Also, sorry that this is off-topic, folks, but I wanted to ask you, chacha, how you're doing and how your kitty is doing. Better, I hope...
Octi--if these pains aren't really new, and they check out to be "just growing pains" like you used to have, it could be that you need a tissue salt, Calcarea Phosphorica 6x or 12x, so that they stop happening. I'm not sure if actual growing takes place with "growing pains", even in children who get them. I do know they often accompany increased exertion of some kind (one of my patients, who's 11 now, used to get them every time she did a lot of jumping up and down--and she loves dance, so that was something she suffered after practically every lesson). The Calc Phos salts really helped whenever they started might be something to look into, because whatever else the pains indicate they are telling you you need those minerals on a cellular level.

My kitty had a rough number of weeks in late summer, and I tried every kind of remedy I thought would work. He just kept getting worse and worse and then better and better every time we dosed him with a remedy that seemed appropriate, but would only "get him through a bad time" for a while. Finally, while my in-laws were visiting (a time that always stresses him out), I "got" the best remedy for him--suddenly I was able to really see what he was experiencing symptom-wise that was important. I gave him 2 doses of that...and ever since, he's been completely fine. No more kidney stones, no more recurrent bladder infections, no lack of appetite, no lack of energy, no more extremely painful urination. The other day, he did something he hasn't done for almost 2 months: he caught a mouse! We used to hate cleaning up after he went on what M.ChaCha and I call "his killing sprees", but I've never been happier to see something that indicated he was back to his old self again, messy and horrific as that could sometimes be.

So, he's eating well (loves everything we give him, too, and he's usually a prima donna!), he's got tons of energy now and he's begun to play and run again, and he has no problem using his litter box again as he has no pain when he needs to pee anymore. He is happy, his coat's shiny again and he's no longer in pain.

So I think he's gonna be around a while longer. And I am so, so grateful for that! And thank you so much for asking after him.
Yay!! I'm so happy to hear about your kitty cat! I knew he was in good hands smile.gif Oh, how good!

Hm, thanks for the rec about the salts... is that connected somehow to the tissue salt that you recommended for joint pain/inflammation?
Thank you so much for asking, from my kitty (who is out prowling the grounds even though it isn't even light out yet) are very kind, Octi!

Yes, the tissue salt I recommended below is one of the twelve I wanted to look into for your pain--but we haven't had a chance to discuss that further, so I never did choose ones specific to what you were suffering earlier. This one in particular does work well for the "growing" pains you seem to be experiencing--they're handy and safe enough to keep around to take whenever the pains arise, too. So you can feel like you've got something you can use if things get rough, as well as take them daily to deal with the defiency they need to address.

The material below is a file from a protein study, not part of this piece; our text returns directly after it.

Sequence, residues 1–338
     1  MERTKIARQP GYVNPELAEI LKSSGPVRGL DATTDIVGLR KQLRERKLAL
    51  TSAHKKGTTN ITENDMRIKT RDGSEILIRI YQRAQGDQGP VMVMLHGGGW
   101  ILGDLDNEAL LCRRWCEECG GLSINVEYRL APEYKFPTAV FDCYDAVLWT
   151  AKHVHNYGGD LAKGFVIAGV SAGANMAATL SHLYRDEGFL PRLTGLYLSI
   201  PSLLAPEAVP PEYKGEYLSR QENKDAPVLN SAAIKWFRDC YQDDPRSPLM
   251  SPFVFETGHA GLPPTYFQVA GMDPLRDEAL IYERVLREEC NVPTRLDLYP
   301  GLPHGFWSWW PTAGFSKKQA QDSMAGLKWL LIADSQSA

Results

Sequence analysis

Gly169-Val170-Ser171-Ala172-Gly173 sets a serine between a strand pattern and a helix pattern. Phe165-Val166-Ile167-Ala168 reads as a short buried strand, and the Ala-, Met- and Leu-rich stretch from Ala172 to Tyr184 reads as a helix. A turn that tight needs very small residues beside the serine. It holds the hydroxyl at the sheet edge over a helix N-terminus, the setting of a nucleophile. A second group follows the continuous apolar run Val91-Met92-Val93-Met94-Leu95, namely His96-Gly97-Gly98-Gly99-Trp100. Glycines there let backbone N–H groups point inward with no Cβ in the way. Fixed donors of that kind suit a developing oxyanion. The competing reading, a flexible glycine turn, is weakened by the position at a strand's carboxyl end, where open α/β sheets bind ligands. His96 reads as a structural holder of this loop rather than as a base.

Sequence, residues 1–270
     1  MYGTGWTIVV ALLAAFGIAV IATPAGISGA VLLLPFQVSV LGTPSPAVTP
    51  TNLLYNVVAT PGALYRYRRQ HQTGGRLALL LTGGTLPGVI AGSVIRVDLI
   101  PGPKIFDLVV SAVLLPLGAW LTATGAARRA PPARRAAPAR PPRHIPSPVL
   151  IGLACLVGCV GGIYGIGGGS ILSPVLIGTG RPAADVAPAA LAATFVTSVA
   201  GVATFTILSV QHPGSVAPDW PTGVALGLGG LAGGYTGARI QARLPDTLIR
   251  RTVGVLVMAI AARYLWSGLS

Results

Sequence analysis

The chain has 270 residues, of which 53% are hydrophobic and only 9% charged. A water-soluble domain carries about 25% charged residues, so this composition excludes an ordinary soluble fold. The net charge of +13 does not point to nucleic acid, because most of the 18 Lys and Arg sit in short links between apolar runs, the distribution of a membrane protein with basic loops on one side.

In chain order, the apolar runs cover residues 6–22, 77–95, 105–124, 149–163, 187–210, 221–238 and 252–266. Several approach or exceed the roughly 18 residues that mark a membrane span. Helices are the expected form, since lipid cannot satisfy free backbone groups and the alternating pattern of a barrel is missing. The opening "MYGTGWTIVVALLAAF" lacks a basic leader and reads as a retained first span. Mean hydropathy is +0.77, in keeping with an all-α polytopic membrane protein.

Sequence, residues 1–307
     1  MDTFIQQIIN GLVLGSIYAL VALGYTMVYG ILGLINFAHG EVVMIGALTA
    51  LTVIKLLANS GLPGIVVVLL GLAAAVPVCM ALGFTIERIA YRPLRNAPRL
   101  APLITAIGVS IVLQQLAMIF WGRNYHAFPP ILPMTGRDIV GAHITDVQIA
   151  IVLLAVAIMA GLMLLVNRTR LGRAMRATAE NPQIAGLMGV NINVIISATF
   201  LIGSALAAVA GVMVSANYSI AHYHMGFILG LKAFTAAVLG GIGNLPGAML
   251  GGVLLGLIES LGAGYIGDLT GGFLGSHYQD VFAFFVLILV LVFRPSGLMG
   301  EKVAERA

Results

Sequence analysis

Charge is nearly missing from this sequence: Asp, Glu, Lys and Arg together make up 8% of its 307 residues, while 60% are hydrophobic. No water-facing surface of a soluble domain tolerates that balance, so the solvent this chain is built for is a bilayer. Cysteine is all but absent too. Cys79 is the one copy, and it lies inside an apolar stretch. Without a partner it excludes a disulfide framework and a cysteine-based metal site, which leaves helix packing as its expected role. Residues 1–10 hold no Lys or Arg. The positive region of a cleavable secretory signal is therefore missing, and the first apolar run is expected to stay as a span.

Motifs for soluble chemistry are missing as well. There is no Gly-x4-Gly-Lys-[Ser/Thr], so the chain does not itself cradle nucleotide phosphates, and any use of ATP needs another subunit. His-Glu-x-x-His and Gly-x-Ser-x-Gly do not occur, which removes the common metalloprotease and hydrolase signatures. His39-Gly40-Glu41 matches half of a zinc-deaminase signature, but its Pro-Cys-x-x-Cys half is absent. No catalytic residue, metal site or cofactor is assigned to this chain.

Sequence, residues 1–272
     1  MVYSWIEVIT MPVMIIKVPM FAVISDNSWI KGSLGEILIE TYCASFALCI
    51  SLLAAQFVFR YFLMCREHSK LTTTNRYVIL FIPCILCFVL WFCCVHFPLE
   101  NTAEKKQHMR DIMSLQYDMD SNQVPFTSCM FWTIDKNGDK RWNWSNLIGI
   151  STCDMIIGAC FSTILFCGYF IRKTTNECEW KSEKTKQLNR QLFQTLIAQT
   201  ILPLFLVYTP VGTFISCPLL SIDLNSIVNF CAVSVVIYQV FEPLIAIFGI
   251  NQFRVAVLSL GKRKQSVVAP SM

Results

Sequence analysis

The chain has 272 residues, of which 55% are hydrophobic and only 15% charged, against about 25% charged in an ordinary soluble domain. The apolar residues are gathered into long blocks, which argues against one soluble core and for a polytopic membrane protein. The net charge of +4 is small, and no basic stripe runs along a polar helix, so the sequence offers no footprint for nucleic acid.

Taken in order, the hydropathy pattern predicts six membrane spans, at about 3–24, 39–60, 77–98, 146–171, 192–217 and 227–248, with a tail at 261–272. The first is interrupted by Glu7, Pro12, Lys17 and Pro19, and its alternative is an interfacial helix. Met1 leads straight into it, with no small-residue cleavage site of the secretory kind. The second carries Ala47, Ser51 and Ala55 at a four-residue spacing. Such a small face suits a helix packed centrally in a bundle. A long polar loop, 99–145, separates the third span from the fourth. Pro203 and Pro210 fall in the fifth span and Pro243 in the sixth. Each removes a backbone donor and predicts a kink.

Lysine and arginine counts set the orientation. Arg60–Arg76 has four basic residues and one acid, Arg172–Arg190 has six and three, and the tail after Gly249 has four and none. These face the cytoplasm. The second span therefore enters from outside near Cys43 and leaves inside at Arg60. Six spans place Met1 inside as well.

I wrote a bit about tissue salts on one of these other health threads (now I can't remember which, but I'll go back and look and post the location here)--how easy they are to use, especially if you can invest a few bucks (usually under $10) to get a handy Tissue Salt handbook that will detail what each salt addresses, and how to choose the ones you need based on symptoms. Biochemical tissue salts, also called Scheussler Tissue Salts, are really wonderful medicines that work on both the nutritional level as well as the energetic level. They are inexpensive, easy to take, highly effective, and easy to find--great for adults, kids, and pets. I don't know why people bother trying to self-treat with homeopathic remedies (which really demand precision in their selection, even for acute problems and first aid care) when you can get great results safely with Tissue Salts. And you only have to choose between 12 of them, not 3000!
Tonight I noticed little, unraised red dots on my legs that my grandmother (an rn) called 'petechiae'. Have any of you had this? Apparently they're caused by some underlying issue, I just can't imagine what it can be with me.
Here's what i found on it, jsmith. Looks like there's a lot of things, everything from allergies to leukemia, that can cause it.
Geez, I just have to have these wierd things happen that so many different things could be the culprit. First my hair is shedding like mad for whatever reason, now I've got these red dots. Thanks for the link, Polly. I guess I'd better go see a doc.
Okay someone help me.

First off, I know my eating habits are BAD and I know that has something to do with this, but I don't think that's all there is to this.

Anyway, I've always thought I had IBS or something because I can never shit and for as long as I could remember I've always had horrible gas. It doesn't even smell, I just have a whole bunch of it. And seriously, I can eat half a pizza (I told you my eating habits are horrible), in addition to all other meals in a day, and I won't poop for like 3 days. That's actually my typical time frame for pooping: every 3 days or so.

So this week I didn't poop for like 4 days, and then I did, and then it was another 2 days (today) until I had another bm. I thought I had to go again a while ago, and instead when I wiped myself I just had blood. This has happened before, though not in a long time, and I honestly think it's just because the poo was so massive the other day and hurt like hell to push out. (sorry for the overdose on info).